Marcus Theory is a theory originally developed by Rudolph A. Marcus, starting in 1956, to explain the rates of electron transfer reactions – the rate at which an electron can move or jump from one chemical species (called the electron donor) to another (called the electron acceptor). It was originally formulated to address outer sphere electron transfer reactions, in which the two chemical species only change in their charge with an electron jumping (e.g. the oxidation of an ion like Fe2+/Fe3+), but do not undergo large structural changes. It was extended to include inner sphere electron transfer contributions, in which a change of distances or geometry in the solvation or coordination shells of the two chemical species is taken into account (the Fe-O distances in Fe(H2O)2+ and Fe(H2O)3+ are different).
For redox reactions without making or breaking bonds Marcus theory takes the place of Eyring's transition state theory which has been derived for reactions with structural changes. Both theories lead to rate equations of the same exponential form. However, whereas in Eyring theory the reaction partners become strongly coupled in the course of the reaction to form a structurally defined activated complex, in Marcus theory they are weakly coupled and retain their individuality. It is the thermally induced reorganization of the surroundings, the solvent (outer sphere) and the solvent sheath or the ligands (inner sphere) which create the geometrically favourable situation prior to and independent of the electron jump.
The original classical Marcus theory for outer sphere electron transfer reactions demonstrates the importance of the solvent and leads the way to the calculation of the Gibbs free energy of activation, using the polarization properties of the solvent, the size of the reactants, the transfer distance and the Gibbs free energy G0 of the redox reaction. The most startling result of Marcus' theory was the "inverted region": whereas the reaction rates usually become higher with increasing exergonicity of the reaction, electron transfer should, according to Marcus theory, become slower in the very negative G0 domain. The inverted region was searched for 30 years until it was unequivocally verified experimentally in 1984.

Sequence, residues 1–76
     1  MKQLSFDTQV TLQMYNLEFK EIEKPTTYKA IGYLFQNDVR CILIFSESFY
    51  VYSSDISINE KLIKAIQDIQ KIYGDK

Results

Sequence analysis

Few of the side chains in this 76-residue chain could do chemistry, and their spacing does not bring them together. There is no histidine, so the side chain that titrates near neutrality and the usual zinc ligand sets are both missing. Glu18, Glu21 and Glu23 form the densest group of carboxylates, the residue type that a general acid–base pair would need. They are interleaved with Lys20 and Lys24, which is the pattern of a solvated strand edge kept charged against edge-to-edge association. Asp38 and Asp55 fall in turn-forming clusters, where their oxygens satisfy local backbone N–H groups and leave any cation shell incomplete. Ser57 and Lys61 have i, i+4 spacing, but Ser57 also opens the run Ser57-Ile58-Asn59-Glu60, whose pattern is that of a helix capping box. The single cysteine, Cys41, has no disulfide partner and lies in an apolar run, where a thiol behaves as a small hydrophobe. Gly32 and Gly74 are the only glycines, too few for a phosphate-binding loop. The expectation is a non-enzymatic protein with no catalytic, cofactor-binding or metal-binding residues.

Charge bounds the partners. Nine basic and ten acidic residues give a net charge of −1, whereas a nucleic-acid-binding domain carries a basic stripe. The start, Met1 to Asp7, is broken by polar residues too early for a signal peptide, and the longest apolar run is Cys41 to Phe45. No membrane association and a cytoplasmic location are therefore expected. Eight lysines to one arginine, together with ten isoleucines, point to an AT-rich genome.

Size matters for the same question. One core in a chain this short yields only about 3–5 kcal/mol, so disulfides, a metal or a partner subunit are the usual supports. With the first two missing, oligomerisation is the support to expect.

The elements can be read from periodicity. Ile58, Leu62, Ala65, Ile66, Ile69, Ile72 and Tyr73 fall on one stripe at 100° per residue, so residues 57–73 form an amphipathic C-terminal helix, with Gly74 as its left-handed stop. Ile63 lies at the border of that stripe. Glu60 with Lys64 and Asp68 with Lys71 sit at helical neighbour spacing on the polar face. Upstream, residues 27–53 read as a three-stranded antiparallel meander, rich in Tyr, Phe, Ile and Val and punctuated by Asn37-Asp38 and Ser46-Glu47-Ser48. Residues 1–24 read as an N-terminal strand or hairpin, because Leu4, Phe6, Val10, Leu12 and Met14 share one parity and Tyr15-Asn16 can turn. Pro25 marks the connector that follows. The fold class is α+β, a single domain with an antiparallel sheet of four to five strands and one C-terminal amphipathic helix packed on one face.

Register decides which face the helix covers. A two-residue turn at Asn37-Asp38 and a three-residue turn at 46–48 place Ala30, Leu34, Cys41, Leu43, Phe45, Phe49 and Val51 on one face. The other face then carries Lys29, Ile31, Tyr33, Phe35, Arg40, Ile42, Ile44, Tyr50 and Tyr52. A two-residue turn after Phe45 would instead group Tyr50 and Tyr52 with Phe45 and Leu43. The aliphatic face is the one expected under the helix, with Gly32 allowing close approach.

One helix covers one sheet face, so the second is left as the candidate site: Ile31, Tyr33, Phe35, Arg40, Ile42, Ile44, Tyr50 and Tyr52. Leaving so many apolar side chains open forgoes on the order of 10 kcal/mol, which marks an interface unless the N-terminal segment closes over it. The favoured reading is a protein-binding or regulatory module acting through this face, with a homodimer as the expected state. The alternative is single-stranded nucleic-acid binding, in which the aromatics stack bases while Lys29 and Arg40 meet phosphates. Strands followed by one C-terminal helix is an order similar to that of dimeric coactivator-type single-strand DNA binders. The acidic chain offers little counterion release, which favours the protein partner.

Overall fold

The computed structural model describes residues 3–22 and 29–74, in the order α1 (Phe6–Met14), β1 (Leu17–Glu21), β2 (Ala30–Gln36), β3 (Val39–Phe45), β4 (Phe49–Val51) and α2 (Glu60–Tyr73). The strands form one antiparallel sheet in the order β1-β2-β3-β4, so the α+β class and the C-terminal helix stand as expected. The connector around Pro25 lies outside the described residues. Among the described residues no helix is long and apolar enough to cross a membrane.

R.A. Marcus received the Nobel Prize in Chemistry in 1992 for this theory. Marcus theory is used to describe a number of important processes in chemistry and biology, including photosynthesis, corrosion, certain types of chemiluminescence, charge separation in some types of solar cell and more. Besides the inner and outer sphere applications, Marcus theory has been extended to address heterogeneous electron transfer.
Read more about Marcus Theory: The One-Electron Redox Reaction, Outer Sphere Electron Transfer, The Problem, The Marcus Model, Inner Sphere Electron Transfer, The Probability of The Electron Jump, Experimental Results
Other articles related to "marcus theory, theory, marcus":
... The main theory that describes the rates of outer-sphere electron transfer was developed by Rudolph A ... Marcus in the 1950s ... A major aspect of Marcus theory is the dependence of the electron transfer rate on the thermodynamic driving force (difference in the redox potentials of the electron-exchanging sites) ...
... Marcus has published his theory in 1956 ... inverted region which would be a proof of the theory ... Marcus and his coworkers have further developed the theory outlined here in several aspects ...
... Rudolph "Rudy" Arthur Marcus (born July 21, 1923) is a Canadian-born chemist who received the 1992 Nobel Prize in Chemistry for his theory of electron transfer ... Marcus theory, named after him, provides a thermodynamic and kinetic framework for describing one electron outer-sphere electron transfer ... In Marcus's time chemists were astonished at the slow rate in which this specific reaction took place ...
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